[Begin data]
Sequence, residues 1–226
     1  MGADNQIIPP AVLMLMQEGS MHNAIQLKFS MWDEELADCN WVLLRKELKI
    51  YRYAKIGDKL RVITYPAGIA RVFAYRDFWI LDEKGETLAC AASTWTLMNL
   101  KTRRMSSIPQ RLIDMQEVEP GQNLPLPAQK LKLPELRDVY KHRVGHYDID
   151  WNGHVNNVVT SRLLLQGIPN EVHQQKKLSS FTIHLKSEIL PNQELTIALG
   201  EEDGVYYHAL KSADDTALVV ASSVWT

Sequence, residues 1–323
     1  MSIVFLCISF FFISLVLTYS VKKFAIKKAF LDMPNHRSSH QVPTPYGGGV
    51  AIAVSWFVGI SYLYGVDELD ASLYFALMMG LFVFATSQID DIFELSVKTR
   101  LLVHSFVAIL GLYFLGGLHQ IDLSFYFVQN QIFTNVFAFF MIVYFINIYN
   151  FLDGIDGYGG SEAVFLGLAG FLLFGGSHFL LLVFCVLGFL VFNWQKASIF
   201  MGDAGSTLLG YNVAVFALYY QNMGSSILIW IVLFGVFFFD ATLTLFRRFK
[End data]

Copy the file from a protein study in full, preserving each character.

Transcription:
Sequence, residues 1–226
     1  MGADNQIIPP AVLMLMQEGS MHNAIQLKFS MWDEELADCN WVLLRKELKI
    51  YRYAKIGDKL RVITYPAGIA RVFAYRDFWI LDEKGETLAC AASTWTLMNL
   101  KTRRMSSIPQ RLIDMQEVEP GQNLPLPAQK LKLPELRDVY KHRVGHYDID
   151  WNGHVNNVVT SRLLLQGIPN EVHQQKKLSS FTIHLKSEIL PNQELTIALG
   201  EEDGVYYHAL KSADDTALVV ASSVWT

Sequence, residues 1–323
     1  MSIVFLCISF FFISLVLTYS VKKFAIKKAF LDMPNHRSSH QVPTPYGGGV
    51  AIAVSWFVGI SYLYGVDELD ASLYFALMMG LFVFATSQID DIFELSVKTR
   101  LLVHSFVAIL GLYFLGGLHQ IDLSFYFVQN QIFTNVFAFF MIVYFINIYN
   151  FLDGIDGYGG SEAVFLGLAG FLLFGGSHFL LLVFCVLGFL VFNWQKASIF
   201  MGDAGSTLLG YNVAVFALYY QNMGSSILIW IVLFGVFFFD ATLTLFRRFK